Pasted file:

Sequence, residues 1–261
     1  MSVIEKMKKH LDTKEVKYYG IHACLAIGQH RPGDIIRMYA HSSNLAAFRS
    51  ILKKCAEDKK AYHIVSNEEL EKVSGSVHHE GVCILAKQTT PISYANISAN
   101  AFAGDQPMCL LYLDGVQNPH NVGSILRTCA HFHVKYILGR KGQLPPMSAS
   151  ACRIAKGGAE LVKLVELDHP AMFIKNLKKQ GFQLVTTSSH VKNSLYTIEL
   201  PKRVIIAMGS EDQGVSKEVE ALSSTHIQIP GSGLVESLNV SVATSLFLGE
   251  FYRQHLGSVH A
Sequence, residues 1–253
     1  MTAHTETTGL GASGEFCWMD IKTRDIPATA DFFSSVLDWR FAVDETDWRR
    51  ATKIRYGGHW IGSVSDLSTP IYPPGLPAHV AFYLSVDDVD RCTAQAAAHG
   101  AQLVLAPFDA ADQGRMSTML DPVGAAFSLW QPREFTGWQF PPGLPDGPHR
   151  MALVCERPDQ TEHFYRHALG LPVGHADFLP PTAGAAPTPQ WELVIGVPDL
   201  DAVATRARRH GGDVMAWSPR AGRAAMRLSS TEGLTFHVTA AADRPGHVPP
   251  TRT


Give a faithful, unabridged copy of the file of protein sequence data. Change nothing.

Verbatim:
Sequence, residues 1–261
     1  MSVIEKMKKH LDTKEVKYYG IHACLAIGQH RPGDIIRMYA HSSNLAAFRS
    51  ILKKCAEDKK AYHIVSNEEL EKVSGSVHHE GVCILAKQTT PISYANISAN
   101  AFAGDQPMCL LYLDGVQNPH NVGSILRTCA HFHVKYILGR KGQLPPMSAS
   151  ACRIAKGGAE LVKLVELDHP AMFIKNLKKQ GFQLVTTSSH VKNSLYTIEL
   201  PKRVIIAMGS EDQGVSKEVE ALSSTHIQIP GSGLVESLNV SVATSLFLGE
   251  FYRQHLGSVH A
Sequence, residues 1–253
     1  MTAHTETTGL GASGEFCWMD IKTRDIPATA DFFSSVLDWR FAVDETDWRR
    51  ATKIRYGGHW IGSVSDLSTP IYPPGLPAHV AFYLSVDDVD RCTAQAAAHG
   101  AQLVLAPFDA ADQGRMSTML DPVGAAFSLW QPREFTGWQF PPGLPDGPHR
   151  MALVCERPDQ TEHFYRHALG LPVGHADFLP PTAGAAPTPQ WELVIGVPDL
   201  DAVATRARRH GGDVMAWSPR AGRAAMRLSS TEGLTFHVTA AADRPGHVPP
   251  TRT